I met with a fantastic instructional designer (Leslie Lindsey) from the aptly-named Office of Instructional Design last week, and we talked about different approaches to evaluating student performance. She validated me in my belief that I can give a course that does not include exam-based assessment. She helped me realize that my aversion to exams seems to be a fear of the reductionism of simply counting points to assess student learning, which seems to be required to give a final letter grade in the class. What she said to me blew my mind: "Think of assessments as a way of collecting data about student performance."

Oh, the irony! I'm teaching a class on using computers to analyze biological data and I failed to realize that assessing student performance and assigning grades is just another data analysis problem. I was getting bogged down in my imagined obligations as a professor, and not thinking about this enough as a data analysis problem. My problem is largely semantic, and perhaps I just need to think about offering a different kind of exam, designed to emphasize the things I value as a professor. I value steady, consistent effort by students throughout the semester, even if it means I need to keep up with grading on a weekly basis. I value student comprehension that allows conceptual synthesis and connection between topics, but understand this may take more time than is allowed in a class period. I don't want my need for data collection to adversely affect student grades when there are other, better means of assessing their understanding.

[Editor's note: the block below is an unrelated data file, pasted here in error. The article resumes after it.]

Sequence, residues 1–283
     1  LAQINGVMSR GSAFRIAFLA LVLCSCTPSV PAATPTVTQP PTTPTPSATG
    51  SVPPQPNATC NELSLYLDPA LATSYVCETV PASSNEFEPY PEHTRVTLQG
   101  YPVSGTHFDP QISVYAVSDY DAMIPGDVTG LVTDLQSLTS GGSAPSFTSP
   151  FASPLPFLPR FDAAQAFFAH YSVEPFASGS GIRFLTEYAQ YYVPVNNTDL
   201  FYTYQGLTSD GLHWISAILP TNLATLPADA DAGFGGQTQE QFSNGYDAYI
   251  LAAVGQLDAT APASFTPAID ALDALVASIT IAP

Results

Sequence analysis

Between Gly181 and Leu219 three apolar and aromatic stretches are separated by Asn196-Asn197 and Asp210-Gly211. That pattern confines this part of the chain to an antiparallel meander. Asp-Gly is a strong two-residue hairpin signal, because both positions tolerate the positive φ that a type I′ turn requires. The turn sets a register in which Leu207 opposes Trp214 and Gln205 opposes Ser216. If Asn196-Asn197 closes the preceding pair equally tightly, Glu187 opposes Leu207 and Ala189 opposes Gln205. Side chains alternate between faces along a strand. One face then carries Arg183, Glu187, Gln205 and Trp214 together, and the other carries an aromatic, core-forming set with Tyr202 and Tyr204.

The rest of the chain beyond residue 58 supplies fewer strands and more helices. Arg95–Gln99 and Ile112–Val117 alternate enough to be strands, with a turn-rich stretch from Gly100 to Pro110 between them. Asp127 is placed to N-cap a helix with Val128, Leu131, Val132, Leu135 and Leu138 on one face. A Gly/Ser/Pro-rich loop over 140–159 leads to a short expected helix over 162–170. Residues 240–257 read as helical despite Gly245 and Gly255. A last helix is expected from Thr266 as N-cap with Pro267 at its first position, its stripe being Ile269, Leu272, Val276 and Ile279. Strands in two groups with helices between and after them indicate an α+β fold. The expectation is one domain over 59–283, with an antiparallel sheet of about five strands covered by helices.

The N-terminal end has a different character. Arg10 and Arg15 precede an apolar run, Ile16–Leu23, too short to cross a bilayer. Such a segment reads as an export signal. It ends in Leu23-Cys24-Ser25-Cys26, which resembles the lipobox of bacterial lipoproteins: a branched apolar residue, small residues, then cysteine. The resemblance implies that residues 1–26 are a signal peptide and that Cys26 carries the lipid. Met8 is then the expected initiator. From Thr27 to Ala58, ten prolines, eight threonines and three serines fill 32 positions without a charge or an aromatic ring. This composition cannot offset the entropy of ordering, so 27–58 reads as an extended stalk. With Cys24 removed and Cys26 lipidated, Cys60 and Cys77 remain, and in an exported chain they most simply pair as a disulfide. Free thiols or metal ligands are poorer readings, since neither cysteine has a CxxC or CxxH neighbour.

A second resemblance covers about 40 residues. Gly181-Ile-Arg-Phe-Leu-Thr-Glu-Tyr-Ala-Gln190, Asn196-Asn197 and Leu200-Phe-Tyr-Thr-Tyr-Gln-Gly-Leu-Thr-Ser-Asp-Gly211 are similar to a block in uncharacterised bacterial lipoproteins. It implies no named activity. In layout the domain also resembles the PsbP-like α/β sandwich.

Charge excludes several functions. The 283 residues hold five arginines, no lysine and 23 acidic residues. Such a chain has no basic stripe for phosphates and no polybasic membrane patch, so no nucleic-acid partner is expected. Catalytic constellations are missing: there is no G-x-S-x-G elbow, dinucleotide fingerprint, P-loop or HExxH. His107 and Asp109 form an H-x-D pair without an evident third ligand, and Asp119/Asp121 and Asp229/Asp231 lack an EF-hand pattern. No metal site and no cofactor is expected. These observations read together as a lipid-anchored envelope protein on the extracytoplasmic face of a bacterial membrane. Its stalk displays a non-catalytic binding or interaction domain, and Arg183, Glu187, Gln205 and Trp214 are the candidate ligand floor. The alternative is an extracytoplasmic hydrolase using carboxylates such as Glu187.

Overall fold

Ultimately, I've decided to use an evaluation strategy based on "units of assessment" that are graded on a similar (but adjustable and specifiable) rubric. Weekly assignments in both lecture and lab will count as 1 unit each. Research projects for each class will have multiple parts, each of which counts as 1 unit. For lecture, I'll have a day each for both the first and second part of the course for students to perform summative assessments. These assessments will include two parts (one in-class, one out-of-class) which count as 1 unit each. That means the summative assessments are weighted as a bit more important than weekly assessments. I'll average the rubric scores throughout the semester and convert to a letter grade. This seems much more palatable to me than assigning absolute point values or weighted percentages to every type of assessment. Also, I'm hoping it will capture student performance much more authentically than grading based on exams that occur on a few days throughout the semester.

I don't know if this makes sense to anyone else, but it's starting to make sense in my head?